Last season of Celebrity Rehab, we were fretting over the fate of former Guns n' Roses drummer Steven Adler, who often recalled his good ol' days with Axl Rose and Co. and complained about Slash not inviting him to drum on his upcoming solo album. This season's resident rocker-in-peril is ex-Alice in Chains bassist Mike Starr, who was the focus of last week's episode as he tried to work out his guilt related to the death of the band's frontman Layne Staley. But AIC's Jerry Cantrell isn't impressed with Dr. Drew's reality-rehab program. "I think it's a real travesty and a shame to put people in a really vulnerable situation like that and make it entertainment for people to see," he told an Atlanta radio station (per Blabbermouth). "[Mike is] a friend of ours, and we wish him the best. But that show's not really cool."
Starr gets Dr. Drew's attention and major screen time by admitting the death of Staley haunts him. When asked why he's constantly wearing headphones, Starr tells a rehab specialist, "My singer dies, and the only way I can hear him is through this... It takes me back to when Layne was alive." He later claims Kurt Cobain and Staley helped introduce him to heroin. Saying he was only 20 when Alice in Chains formed, Starr admits he was a casual drug user then, but Staley traveled on his own bus "because he was using heroin." "The day they kicked me out ... Cobain shot me up, because we were playing with Nirvana and the Chili Peppers. Layne shot me up first, couple of times, then Kurt shot me up, and then Layne shot me up the same night I died for 11 minutes."
Later, Staley's mom Nancy accompanies Starr and the other recovering celebrity addicts on a day-long retreat, where she delivers a brief speech about her son's troubled life. "I always believed because he was smart, he had the money, he had the time, he'd been to treatment 13 times, he'd been to emergency three times, he'd died three times — I knew he had what it took. And still it took him out. You don't have to live a fantastic, incredible celebrity life. You want a boring, predicable life. And you can't believe how rich that is until you're in it." She then faced Starr directly, and he told her about the last time he saw Staley alive.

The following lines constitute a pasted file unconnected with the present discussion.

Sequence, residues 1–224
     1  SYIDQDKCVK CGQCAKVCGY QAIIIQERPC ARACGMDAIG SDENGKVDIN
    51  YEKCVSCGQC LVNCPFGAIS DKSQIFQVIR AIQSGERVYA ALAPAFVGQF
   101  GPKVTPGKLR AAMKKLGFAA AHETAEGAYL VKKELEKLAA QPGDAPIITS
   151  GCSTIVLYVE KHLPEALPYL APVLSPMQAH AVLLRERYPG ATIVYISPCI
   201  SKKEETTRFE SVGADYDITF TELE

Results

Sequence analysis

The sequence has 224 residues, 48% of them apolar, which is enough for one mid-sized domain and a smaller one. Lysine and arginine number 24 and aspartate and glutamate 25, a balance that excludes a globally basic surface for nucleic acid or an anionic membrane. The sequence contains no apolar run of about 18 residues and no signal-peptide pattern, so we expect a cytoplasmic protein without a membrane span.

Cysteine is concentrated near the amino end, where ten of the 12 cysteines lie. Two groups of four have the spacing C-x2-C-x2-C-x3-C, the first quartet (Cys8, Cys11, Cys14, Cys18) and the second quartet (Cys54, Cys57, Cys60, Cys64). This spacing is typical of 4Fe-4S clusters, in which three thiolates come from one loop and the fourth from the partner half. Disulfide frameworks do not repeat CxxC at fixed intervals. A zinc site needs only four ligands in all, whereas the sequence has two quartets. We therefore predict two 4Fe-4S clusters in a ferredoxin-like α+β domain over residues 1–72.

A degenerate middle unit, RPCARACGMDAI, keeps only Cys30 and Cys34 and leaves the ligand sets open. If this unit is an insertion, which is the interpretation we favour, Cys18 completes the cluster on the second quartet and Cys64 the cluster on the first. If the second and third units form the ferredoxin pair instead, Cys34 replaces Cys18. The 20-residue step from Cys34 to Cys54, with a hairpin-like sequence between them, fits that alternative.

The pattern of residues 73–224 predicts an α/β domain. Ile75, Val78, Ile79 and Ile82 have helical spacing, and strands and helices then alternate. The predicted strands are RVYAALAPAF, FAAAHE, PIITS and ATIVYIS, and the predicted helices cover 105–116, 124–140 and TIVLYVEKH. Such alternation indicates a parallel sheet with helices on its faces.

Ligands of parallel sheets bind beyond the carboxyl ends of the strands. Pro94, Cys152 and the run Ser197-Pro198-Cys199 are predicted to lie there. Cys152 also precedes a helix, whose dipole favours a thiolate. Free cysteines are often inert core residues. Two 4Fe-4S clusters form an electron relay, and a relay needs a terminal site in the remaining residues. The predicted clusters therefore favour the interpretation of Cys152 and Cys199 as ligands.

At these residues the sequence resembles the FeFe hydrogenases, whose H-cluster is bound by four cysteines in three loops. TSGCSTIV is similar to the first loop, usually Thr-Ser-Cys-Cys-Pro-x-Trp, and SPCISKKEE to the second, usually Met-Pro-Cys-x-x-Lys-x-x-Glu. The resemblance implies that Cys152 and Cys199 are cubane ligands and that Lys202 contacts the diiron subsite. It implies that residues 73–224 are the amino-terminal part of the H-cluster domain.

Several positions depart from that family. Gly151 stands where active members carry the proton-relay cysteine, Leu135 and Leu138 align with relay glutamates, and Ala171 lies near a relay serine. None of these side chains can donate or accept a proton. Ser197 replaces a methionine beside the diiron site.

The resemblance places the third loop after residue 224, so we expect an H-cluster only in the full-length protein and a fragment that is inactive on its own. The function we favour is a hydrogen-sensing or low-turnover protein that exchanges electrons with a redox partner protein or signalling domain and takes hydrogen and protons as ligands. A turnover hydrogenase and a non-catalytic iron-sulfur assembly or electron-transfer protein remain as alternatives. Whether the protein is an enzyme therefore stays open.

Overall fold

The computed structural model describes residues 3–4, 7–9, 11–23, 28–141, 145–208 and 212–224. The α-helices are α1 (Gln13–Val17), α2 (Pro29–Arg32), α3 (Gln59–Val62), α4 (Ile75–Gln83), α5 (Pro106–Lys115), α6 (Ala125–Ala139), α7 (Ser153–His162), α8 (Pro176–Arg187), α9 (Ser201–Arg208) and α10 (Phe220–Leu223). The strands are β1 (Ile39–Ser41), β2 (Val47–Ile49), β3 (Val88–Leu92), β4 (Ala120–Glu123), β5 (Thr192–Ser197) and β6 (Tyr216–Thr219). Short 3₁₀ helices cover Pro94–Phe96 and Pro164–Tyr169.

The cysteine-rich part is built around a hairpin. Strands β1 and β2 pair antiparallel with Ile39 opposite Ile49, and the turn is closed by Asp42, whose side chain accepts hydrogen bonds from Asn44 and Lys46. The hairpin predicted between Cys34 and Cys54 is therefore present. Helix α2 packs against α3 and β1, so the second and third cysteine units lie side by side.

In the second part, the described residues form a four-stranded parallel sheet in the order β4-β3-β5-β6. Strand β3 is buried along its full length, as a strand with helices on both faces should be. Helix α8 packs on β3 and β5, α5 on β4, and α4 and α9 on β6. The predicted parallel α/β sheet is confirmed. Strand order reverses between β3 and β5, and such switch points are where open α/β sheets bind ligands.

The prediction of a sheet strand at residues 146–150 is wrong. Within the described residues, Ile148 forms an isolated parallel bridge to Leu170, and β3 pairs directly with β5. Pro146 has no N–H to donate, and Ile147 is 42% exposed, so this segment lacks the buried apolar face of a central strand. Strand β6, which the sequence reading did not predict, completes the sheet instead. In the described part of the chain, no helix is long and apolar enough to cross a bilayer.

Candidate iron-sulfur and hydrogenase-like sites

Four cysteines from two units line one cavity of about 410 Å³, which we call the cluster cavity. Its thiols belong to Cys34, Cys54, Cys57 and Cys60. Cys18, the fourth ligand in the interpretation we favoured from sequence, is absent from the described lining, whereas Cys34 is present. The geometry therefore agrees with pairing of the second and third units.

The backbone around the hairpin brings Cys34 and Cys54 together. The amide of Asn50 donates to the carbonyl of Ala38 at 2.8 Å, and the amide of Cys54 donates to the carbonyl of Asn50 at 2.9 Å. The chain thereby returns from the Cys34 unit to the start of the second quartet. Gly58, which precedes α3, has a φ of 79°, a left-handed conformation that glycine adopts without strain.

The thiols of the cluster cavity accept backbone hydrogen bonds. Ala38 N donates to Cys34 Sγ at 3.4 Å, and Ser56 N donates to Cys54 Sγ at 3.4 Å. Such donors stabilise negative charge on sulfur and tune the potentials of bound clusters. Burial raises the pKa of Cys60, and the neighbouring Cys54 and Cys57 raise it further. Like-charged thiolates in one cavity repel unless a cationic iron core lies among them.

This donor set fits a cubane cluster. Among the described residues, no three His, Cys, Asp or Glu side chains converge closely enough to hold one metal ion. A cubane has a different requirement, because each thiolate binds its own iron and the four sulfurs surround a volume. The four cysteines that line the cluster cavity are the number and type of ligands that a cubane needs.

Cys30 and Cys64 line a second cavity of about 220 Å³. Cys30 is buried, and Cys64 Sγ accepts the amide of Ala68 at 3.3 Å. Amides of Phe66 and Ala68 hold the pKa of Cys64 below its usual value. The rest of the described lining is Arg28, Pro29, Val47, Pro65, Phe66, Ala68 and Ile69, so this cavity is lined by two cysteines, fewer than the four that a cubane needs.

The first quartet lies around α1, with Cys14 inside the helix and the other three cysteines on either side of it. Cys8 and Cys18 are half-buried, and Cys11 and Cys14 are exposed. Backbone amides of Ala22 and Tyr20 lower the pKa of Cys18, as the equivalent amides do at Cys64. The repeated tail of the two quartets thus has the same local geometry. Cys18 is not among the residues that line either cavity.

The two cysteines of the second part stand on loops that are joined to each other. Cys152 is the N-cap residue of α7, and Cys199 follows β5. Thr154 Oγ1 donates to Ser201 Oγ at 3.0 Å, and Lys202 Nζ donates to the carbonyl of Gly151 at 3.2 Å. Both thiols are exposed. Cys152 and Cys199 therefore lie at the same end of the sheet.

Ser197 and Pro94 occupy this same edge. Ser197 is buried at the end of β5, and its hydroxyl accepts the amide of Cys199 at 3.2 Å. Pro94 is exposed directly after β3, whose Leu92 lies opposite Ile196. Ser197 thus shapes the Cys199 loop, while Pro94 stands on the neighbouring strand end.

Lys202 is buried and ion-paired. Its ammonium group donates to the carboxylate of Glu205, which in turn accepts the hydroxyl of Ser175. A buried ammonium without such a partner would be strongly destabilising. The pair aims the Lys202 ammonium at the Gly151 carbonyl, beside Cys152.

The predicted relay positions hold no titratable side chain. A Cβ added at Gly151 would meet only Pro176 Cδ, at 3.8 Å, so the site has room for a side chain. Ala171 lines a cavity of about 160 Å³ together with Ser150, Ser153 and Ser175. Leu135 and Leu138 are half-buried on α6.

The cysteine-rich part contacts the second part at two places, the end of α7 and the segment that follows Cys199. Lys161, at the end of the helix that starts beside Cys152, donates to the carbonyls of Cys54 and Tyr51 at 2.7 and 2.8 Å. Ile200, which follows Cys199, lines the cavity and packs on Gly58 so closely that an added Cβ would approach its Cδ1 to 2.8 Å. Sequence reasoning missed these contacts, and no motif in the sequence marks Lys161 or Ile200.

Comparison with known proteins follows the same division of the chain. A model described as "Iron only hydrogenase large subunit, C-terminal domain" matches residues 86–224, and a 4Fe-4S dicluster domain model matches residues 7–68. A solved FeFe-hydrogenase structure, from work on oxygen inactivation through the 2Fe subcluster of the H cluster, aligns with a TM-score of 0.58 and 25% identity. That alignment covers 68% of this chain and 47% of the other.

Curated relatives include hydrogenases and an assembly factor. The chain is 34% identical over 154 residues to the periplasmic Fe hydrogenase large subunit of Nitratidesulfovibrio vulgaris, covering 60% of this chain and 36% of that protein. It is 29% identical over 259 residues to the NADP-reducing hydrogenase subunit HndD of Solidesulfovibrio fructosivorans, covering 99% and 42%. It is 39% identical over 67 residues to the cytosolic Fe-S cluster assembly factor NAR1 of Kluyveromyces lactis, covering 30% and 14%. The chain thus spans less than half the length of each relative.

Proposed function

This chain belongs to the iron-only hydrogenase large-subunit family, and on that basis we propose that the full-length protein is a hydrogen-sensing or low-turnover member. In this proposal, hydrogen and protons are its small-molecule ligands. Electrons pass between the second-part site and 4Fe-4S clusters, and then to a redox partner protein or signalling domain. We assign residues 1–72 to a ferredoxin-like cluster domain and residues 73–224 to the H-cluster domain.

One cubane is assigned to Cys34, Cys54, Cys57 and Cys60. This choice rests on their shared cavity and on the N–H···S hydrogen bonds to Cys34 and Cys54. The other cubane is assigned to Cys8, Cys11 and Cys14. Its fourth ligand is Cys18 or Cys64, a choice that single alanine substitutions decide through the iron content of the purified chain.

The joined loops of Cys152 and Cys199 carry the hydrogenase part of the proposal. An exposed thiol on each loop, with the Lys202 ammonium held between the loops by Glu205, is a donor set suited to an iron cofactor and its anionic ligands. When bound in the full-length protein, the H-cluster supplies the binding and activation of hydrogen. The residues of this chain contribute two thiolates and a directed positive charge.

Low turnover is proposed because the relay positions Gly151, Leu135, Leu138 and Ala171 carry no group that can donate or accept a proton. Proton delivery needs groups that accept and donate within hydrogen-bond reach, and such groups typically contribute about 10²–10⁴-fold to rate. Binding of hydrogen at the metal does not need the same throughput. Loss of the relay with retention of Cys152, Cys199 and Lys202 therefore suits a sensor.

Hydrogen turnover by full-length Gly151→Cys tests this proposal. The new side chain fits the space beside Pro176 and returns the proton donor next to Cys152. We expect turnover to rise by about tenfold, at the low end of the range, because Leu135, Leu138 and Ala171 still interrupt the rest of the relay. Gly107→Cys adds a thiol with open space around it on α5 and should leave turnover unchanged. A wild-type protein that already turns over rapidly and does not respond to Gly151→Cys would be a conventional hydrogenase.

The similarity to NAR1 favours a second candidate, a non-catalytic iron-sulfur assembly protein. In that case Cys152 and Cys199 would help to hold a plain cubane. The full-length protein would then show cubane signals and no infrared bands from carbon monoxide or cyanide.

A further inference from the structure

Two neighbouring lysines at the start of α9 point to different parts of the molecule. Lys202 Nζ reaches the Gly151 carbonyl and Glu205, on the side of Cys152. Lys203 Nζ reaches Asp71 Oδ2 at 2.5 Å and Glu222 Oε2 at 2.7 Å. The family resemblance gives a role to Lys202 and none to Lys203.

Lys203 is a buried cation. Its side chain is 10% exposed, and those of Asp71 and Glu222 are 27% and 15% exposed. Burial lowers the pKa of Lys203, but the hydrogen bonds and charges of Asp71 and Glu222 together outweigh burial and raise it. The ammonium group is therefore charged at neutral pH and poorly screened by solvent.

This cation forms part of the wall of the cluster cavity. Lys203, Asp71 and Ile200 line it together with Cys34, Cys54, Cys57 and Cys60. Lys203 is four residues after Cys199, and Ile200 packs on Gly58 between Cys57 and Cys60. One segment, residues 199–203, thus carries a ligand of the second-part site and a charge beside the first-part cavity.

"I wish I would have called 911, he told me if I did, he'd never talk to me again," Starr said. "I wish I hadn't been on high on benzodiazepine. I went over to his house, and he just said, 'I'm sick, I'm sick.' I said I'd come back. I went home and I blacked out on benzodiazepine for a whole two weeks. He said he wanted to be alone ... he said it was because I was too high. I got mad at him, I said, 'I'll just leave' and his last words were were 'not like this.' And I just left. I can't believe that. I'm so ashamed."
Staley's mom tries to give Starr closure, and says Layne never sought help "because he was embarrassed. A beautiful man, a huge talent had squandered his life. And that's not a judgment — it's just a statement of fact."